Miscellaneous Ramblings

Lion Compatibility for Some Favorite Legacy Apps: Mostly Good News

Charles Moore - 2011.08.30 - Tip Jar

Last week in my contribution to the Low End Mac Round Table on the 20th anniversary of Linux, I mentioned that at least four of my core production applications - Tex-Edit Plus, Color It! 4.5, Mail Beacon, and Eudora 6 won't run in OS X 10.7 Lion.

That observation needs updating.

Tex-Edit Plus and Lion

Coincidentally, just about the time I composed that commentary, Tex-Edit Plus (TE+) developer Tom Bender was posting a new "universal" build of the application, Version 4.9.9 beta 3, that does support Lion. Tom emailed me on the weekend to say that he's sorry about the slow pace of getting a Lion-compatible TE+ upgrade out, but that the new beta seems to run fine so far on 10.7. He's running Lion on a pre-unibody MacBook to test TE+ Lion compatibility,

Tom says he was always satisfied with performance using Rosetta - until he finally got an Intel version running, with which he's noted a "fairly impressive speed jump" on his iMac (still running OS X 10.6 Snow Leopard). I'm composing this article in it right now, and he's right. Tex-Edit Plus has always been lively and nimble, but this Intel native beta is the quickest yet. The universal beta uses its own preferences file, so you can run the PPC and Intel versions on the same system and not commit to the upgrade until you're sure you like it.

Tom says the main caveat is lack of full compatibility between the old and new document formats, and that RTF works best for transferring docs back and forth between multiple Mac systems, versions, and so forth. Too true. Documents saved by the Universal beta in TE+ format won't open with the classic PPC application. Tom also notes that Lion apparently tags TE+ read-only docs as containing executable code (news to him as the program's author), and each one throws an "are-you-sure-you-want-to-launch-this-new-app" warning the first time it's opened.

Those glitches notwithstanding, an OS X 10.7 compatible build of Tex-Edit Plus is super good news for me, because the prospect of losing TE+ was probably the single biggest obstacle to my upgrading to Lion (although there are still plenty of other Lion issues I'm not at all happy about).

I depend heavily on in TE+, thanks especially to its implementation of AppleScript. Lots of applications support AppleScript, but none comes even remotely close to doing it as elegantly and slickly as TE+. Thanks to that feature, I've customized TE+ over the years to perform beautifully and efficiently as my main HTML markup and text cleaning tool. It's not 100%, and I still need the "Zap Gremlins" feature in TextWrangler too, but it's close, and another big TE+ advantage is that it also supports enough text styling and formatting that I can use it for most everything I would ever use a word processor for. I've been working mostly in plain text or HTML for more than a decade now.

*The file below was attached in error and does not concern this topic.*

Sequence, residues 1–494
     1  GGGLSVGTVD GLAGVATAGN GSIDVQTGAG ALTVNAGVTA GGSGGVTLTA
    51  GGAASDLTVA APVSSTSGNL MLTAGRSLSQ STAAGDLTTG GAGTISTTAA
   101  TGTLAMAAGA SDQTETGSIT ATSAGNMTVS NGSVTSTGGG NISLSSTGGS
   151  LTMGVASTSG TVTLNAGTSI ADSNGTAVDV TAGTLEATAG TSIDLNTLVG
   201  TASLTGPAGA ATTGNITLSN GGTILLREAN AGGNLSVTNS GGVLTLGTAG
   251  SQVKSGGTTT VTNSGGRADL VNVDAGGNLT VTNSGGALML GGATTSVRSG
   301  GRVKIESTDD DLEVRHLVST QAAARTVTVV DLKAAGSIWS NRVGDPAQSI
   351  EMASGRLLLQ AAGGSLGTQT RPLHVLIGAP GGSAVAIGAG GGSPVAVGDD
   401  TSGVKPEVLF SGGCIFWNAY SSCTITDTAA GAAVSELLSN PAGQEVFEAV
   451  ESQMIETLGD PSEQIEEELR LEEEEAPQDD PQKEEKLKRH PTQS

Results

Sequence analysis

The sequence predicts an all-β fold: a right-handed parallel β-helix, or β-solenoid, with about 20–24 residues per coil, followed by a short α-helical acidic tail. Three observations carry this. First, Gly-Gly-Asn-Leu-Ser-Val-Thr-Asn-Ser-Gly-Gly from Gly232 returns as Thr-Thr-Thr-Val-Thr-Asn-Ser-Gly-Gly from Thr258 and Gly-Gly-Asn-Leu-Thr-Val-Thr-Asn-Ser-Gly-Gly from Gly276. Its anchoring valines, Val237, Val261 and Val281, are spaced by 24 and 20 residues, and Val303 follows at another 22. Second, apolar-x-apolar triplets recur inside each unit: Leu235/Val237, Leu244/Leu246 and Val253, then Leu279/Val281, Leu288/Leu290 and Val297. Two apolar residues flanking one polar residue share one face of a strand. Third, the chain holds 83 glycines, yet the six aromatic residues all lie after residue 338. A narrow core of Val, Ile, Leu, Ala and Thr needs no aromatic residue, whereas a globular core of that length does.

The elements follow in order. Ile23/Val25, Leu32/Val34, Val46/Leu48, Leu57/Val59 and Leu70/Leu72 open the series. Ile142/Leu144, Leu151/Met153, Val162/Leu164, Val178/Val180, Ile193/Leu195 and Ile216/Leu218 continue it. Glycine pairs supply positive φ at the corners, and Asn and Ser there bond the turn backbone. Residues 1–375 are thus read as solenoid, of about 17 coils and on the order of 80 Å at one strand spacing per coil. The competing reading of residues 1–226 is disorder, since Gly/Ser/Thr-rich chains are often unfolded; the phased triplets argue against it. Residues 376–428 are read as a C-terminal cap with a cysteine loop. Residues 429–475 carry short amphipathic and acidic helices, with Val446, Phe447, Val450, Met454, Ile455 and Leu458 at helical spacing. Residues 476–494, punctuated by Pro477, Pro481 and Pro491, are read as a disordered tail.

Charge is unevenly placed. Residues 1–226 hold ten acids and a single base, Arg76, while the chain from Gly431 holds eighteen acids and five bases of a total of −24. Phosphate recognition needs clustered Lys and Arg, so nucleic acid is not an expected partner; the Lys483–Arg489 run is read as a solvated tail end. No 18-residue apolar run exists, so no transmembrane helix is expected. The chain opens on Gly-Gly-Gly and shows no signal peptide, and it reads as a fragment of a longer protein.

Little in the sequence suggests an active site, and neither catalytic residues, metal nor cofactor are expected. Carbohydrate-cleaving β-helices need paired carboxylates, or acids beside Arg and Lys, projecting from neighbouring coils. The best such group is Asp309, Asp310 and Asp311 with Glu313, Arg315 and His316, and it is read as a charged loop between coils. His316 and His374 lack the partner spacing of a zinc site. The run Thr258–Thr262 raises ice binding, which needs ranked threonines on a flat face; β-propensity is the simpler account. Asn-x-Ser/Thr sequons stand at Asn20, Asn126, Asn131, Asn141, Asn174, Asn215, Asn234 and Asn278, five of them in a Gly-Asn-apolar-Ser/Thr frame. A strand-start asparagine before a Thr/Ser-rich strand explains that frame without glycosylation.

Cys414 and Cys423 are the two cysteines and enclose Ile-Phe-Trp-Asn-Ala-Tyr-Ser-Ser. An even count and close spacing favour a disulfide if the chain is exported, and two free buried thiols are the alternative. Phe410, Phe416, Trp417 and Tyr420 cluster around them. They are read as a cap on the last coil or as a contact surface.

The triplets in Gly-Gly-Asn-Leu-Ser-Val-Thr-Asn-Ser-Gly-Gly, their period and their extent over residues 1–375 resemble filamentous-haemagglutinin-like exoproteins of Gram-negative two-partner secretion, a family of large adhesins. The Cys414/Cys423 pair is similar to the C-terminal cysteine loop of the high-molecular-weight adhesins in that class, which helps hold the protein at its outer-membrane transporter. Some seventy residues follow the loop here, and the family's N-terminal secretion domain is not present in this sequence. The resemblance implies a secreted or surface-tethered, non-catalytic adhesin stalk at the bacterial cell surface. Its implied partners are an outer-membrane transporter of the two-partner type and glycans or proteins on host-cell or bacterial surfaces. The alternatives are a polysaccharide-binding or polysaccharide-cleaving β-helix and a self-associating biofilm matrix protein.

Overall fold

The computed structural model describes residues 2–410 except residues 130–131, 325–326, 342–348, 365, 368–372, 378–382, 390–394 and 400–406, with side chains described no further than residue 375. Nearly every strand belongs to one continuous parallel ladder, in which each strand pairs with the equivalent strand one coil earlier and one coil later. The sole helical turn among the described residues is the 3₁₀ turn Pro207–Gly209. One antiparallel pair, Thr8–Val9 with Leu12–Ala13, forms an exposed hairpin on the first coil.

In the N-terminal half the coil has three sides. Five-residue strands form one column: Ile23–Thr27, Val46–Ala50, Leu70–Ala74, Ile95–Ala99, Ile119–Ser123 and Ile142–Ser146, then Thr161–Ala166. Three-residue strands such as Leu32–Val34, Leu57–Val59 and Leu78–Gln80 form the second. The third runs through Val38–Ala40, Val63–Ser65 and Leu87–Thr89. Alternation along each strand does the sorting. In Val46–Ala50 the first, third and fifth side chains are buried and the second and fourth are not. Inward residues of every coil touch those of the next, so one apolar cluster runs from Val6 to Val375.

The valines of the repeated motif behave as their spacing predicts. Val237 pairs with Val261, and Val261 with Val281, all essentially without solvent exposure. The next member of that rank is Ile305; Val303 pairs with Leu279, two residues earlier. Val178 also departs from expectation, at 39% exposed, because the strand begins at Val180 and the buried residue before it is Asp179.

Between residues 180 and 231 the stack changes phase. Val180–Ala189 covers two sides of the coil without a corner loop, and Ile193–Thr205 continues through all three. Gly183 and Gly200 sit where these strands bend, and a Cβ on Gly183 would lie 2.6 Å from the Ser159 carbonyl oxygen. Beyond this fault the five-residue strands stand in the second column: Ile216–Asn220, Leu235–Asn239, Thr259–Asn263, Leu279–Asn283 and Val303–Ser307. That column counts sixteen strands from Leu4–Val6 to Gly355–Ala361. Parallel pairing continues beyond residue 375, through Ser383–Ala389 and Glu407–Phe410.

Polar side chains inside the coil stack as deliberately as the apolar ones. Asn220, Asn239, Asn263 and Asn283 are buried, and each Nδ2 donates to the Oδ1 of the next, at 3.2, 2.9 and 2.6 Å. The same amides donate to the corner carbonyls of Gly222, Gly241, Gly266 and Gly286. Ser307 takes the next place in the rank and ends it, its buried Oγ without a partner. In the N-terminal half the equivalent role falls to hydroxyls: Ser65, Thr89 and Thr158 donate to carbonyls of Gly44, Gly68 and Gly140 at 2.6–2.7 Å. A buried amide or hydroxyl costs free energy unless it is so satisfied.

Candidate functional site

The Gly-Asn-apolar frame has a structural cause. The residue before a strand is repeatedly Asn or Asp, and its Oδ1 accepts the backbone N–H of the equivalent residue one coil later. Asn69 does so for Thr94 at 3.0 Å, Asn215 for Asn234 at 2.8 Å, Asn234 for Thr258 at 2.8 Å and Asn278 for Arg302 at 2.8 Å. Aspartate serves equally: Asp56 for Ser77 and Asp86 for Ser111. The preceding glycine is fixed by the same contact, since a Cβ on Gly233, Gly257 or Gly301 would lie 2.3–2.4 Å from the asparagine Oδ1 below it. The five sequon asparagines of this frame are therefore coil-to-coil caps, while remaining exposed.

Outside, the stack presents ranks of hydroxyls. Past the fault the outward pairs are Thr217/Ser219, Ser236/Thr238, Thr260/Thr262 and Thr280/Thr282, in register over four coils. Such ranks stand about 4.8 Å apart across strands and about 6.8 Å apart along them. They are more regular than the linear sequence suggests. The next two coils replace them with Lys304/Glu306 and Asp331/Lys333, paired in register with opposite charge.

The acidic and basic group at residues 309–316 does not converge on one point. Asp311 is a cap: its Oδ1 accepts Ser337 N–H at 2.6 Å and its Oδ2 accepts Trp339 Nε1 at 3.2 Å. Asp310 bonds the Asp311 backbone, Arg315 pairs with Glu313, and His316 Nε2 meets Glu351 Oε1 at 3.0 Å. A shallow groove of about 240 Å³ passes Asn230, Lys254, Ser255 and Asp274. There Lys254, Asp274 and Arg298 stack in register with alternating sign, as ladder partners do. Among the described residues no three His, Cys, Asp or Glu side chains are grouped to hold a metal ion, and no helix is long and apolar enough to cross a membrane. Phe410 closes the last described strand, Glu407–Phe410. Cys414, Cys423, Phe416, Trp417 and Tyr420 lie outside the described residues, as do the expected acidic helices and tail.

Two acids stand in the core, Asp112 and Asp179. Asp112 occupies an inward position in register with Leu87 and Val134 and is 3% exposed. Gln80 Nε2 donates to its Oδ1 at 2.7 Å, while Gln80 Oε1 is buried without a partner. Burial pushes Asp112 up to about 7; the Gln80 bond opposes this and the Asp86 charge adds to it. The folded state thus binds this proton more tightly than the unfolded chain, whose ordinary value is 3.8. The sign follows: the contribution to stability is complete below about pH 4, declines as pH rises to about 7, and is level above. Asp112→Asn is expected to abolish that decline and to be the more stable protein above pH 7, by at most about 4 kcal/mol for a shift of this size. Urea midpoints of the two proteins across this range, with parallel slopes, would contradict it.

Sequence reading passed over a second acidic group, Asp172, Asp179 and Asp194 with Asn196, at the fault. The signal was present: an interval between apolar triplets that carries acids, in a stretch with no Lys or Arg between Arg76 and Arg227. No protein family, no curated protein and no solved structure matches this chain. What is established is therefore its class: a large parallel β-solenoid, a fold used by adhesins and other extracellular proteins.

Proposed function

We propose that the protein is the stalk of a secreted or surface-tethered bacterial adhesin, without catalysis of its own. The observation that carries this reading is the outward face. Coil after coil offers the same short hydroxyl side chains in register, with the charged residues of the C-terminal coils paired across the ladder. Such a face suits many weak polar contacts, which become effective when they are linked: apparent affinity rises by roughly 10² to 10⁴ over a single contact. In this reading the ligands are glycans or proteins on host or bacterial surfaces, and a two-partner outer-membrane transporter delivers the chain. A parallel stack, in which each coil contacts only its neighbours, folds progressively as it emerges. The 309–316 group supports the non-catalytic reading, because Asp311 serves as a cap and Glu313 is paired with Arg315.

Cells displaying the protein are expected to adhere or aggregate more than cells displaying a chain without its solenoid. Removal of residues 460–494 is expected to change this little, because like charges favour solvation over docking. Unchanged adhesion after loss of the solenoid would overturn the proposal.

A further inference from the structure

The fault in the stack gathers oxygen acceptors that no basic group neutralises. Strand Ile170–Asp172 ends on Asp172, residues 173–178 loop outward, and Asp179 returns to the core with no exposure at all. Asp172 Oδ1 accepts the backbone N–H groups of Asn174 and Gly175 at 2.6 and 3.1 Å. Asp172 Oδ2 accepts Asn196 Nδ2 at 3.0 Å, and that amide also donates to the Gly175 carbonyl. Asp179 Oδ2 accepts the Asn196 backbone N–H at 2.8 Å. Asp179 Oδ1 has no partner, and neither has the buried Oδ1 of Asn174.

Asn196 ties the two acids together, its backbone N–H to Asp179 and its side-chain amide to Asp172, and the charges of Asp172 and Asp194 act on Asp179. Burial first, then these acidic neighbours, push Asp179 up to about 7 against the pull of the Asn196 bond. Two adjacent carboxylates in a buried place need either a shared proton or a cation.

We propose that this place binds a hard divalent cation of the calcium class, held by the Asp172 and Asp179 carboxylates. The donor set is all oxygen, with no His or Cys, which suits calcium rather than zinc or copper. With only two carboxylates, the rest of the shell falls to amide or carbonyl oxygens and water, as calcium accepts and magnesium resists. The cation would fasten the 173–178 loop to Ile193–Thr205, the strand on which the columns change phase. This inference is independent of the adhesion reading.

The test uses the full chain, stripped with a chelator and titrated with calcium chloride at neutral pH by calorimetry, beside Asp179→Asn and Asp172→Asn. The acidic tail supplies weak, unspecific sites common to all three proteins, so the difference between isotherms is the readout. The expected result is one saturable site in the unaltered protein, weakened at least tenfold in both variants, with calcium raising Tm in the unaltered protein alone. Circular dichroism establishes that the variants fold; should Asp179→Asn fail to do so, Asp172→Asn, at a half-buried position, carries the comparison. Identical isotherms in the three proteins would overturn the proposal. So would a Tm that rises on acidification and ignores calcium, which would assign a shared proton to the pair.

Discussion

There's also an official AppleScripts for Tex-Edit Archives site maintained by Doug Adams, chockablock with hints, tips, examples, and step-by-step instructions as well as dozens of downloadable AppleScripts that can be used to tailor TE+ to a user's particular needs and tastes.

Add to that a 15 year accretion of archived files in TE+ format numbering in the thousands, and I have some pretty compelling reasons for not wanting to say good-bye to this wonderful tool. Now I won't have to at whatever point I transition to Lion.

New in Tex-Edit Plus 4.9.9 beta 3 for OS X:

  • Small changes to interface cosmetics for Lion compatibility.
  • New Intel preferences file allows both TEP versions (PPC/Rosetta and Intel/Universal) to coexist on same volume. This also causes fewer problems when replacing old versions of TEP.
  • Fixed "Show Fonts" bug.
  • Improved memory handling when saving files that contain big resources (e.g. TIFFs).
  • Universal build.
  • Requires 10.5 or newer.
  • Lion compatible.
  • Document format is not fully cross compatible with old Tex-Edit documents. Read the warnings.
  • Check out version 4.9.8 if you need the formal PPC release version.

Color It! and Lion

As for Color It!, the program's developer, Digimage Arts, confirms that the current version, Color It! version 4.5, will definitely not run under OS X 10.7 Lion - not surprising, given that Color It! dates back to well beyond even the Mac PowerPC era, with the earliest versions of the program being contemporary with Macs powered by Motorola's 68020 processors, if my somewhat hazy memory serves, and it wouldn't surprise me if there is still some old 68K code lurking in the program. (Version 4.5 has been around since 2006, about the same time that OS X 10.5 Leopard was introduced.)

OS X 10.7 Lion will not run Color It! 4.5
OS X 10.7 Lion will not run Color It! 4.5.

As with Tex-Edit Plus, Color It! remains one of my core production tools - my workaday image editor of choice. It's not as powerful or richly-featured as Photoshop Elements (PSE) or Pixelmator, but it sure starts up a lot faster than Elements especially (Pixelmator is pretty good in that department too) and has a light, quick, nimble feel to its user interface compared to the formidable but ponderous Elements. I've used Color It! as my workhorse graphic app since way back on my old 25 MHz 68030 LC 520 running System 7.1, and it was even speedy on that hardware.